Cortez Masto Applauds First Steps in Federal Indian Boarding School Investigation
The investigation found burial sites across the Federal Indian Boarding School system, along with evidence of horrifying abuse
Washington, D.C. – Today, U.S. Senator Catherine Cortez Masto (D-Nev.), a member of the Senate Indian Affairs Committee, released the following statement on the administration’s report on federal Indian boarding school policies and their devastating impacts on Native communities across the United States. Due to the history of the Stewart Indian School in Carson City, Senator Cortez Masto cosponsored bipartisan legislation last year to establish a formal commission to investigate, document, and acknowledge past injustices of the federal government's Indian Boarding School Policies.
“The conditions Native children endured in the federal Indian boarding school system are appalling, and these policies have harmed Native communities across generations,” said Senator Cortez Masto. “I commend the Interior Department’s first steps in confronting this painful chapter in our nation’s history, and I’ll continue working to support Native communities in Nevada and across the nation.”
This investigative report is part of the Department of Interior’s Federal Indian Boarding School Initiative, which is aimed at unearthing the devastating legacy of federal Indian boarding school policies and beginning to address the intergenerational trauma created by these policies. The first volume of this report highlights some of the abuse children suffered in the federal Indian boarding school system.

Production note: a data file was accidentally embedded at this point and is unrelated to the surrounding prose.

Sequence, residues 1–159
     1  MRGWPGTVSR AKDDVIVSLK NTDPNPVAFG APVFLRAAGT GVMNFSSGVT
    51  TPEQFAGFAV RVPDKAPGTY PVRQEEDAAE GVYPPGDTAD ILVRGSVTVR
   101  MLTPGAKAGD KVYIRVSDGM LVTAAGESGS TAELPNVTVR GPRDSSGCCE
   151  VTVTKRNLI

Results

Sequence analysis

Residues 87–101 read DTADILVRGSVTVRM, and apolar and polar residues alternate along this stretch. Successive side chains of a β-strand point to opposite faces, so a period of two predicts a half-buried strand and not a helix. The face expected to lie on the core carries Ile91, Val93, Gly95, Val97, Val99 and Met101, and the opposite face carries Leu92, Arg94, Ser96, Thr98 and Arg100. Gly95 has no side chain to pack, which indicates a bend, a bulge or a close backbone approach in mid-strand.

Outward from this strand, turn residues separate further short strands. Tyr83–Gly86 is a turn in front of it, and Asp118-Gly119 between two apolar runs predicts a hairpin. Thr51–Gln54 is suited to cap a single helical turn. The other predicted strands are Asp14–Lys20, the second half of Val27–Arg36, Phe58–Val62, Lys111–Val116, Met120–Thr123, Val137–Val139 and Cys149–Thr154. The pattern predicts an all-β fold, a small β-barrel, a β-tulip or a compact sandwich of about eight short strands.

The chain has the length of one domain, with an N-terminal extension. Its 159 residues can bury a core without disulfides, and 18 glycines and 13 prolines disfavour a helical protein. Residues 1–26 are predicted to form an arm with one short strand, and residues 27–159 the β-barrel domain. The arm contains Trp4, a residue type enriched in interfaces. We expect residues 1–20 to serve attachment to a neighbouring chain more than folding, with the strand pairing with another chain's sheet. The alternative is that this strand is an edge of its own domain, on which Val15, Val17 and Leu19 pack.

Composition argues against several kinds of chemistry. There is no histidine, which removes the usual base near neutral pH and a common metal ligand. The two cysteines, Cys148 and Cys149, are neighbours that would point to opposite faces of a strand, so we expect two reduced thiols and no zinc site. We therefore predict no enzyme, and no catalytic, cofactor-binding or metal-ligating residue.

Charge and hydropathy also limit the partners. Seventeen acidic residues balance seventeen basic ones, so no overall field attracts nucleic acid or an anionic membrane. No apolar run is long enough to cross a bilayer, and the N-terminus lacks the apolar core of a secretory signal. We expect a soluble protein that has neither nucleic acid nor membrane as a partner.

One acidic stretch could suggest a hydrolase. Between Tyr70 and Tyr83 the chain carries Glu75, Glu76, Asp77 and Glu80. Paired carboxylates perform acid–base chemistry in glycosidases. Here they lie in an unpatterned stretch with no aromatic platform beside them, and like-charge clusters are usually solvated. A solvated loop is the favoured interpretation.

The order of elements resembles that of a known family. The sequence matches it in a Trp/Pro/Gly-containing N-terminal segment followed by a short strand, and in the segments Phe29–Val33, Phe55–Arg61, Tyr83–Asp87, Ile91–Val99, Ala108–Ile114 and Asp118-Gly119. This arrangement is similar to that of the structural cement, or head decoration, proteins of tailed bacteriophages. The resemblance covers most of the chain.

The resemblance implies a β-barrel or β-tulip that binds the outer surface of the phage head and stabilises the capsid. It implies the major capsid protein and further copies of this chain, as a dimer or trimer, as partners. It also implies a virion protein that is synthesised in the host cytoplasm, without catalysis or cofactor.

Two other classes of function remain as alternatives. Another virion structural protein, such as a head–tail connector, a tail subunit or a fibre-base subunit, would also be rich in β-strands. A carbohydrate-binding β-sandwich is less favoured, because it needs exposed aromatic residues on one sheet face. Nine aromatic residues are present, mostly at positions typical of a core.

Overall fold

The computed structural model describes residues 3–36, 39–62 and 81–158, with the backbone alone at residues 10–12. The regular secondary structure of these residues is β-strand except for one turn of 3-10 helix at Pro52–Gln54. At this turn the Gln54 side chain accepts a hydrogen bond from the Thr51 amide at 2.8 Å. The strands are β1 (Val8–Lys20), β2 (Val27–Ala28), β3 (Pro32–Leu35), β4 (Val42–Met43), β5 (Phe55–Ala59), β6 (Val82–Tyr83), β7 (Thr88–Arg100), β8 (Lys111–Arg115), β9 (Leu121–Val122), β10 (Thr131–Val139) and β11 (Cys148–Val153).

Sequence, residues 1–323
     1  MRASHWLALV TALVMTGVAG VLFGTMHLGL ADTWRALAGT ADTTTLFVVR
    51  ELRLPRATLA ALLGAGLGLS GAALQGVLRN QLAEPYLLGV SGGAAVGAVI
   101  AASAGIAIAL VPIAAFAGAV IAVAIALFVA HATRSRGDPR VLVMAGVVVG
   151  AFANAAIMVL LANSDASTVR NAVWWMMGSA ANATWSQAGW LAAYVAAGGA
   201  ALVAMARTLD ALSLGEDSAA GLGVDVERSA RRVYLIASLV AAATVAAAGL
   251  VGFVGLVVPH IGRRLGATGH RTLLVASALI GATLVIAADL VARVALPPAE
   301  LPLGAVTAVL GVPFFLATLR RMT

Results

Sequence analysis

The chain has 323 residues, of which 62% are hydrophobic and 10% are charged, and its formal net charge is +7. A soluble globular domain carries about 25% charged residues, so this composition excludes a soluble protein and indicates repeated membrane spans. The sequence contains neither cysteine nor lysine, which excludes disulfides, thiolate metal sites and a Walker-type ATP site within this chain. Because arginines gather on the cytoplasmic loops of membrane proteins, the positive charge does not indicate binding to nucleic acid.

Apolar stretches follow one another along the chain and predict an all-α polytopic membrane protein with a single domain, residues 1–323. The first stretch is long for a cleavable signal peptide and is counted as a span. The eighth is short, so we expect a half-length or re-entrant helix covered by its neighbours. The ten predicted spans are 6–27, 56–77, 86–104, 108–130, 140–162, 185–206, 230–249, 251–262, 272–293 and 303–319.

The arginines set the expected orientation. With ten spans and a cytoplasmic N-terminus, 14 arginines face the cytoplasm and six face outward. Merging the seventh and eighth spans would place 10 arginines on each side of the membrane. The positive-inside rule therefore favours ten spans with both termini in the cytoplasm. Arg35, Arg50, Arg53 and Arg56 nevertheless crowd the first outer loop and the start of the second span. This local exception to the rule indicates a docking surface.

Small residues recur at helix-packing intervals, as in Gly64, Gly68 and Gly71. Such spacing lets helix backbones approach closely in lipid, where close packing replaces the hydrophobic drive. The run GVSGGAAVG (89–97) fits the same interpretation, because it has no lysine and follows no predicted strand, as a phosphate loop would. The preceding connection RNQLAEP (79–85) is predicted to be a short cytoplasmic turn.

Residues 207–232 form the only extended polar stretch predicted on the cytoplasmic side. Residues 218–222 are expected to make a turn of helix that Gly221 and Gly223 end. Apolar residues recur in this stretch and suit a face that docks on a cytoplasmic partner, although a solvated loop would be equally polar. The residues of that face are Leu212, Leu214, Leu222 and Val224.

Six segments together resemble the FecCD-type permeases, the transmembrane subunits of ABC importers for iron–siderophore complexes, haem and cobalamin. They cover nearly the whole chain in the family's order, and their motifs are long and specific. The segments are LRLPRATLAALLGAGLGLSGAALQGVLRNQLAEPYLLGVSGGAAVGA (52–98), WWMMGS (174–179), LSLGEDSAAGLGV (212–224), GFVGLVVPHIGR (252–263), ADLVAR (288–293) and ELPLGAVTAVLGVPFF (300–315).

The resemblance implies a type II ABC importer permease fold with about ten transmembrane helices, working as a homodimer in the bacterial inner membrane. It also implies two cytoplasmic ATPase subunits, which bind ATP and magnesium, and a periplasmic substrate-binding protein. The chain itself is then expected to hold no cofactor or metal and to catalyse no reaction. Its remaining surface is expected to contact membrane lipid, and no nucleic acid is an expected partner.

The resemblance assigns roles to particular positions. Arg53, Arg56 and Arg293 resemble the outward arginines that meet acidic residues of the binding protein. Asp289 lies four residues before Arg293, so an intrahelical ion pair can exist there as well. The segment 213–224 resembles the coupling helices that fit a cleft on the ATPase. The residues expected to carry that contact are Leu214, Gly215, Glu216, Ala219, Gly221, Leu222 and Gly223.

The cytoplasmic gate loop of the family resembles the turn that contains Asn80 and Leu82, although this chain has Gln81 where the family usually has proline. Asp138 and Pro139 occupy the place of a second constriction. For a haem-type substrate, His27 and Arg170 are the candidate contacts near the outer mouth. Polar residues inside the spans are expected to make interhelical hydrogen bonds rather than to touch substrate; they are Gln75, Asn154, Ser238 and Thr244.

You can read the report’s first volume here.
Senator Cortez Masto is one of the strongest champions for Native Americans in the Senate. She has repeatedly called on the administration to do more to address the epidemic of violence against Native women and girls, including securing federal funding to protect Native communities, urging the administration to put together a plan to address this issue, and requesting the Government Accountability Office (GAO) to investigate the federal response to this crisis.
In 2020, she passed the bipartisan Not Invisible Act and Savanna’s Act to help address the epidemic of missing, murdered, and trafficked Indigenous women. Last month, she joined Senators Tester and Murkowski in pushing the administration to implement these laws. Following her advocacy, the Departments of Interior and Justice named members to the commission required by Senator Cortez Masto’s Not Invisible Act.
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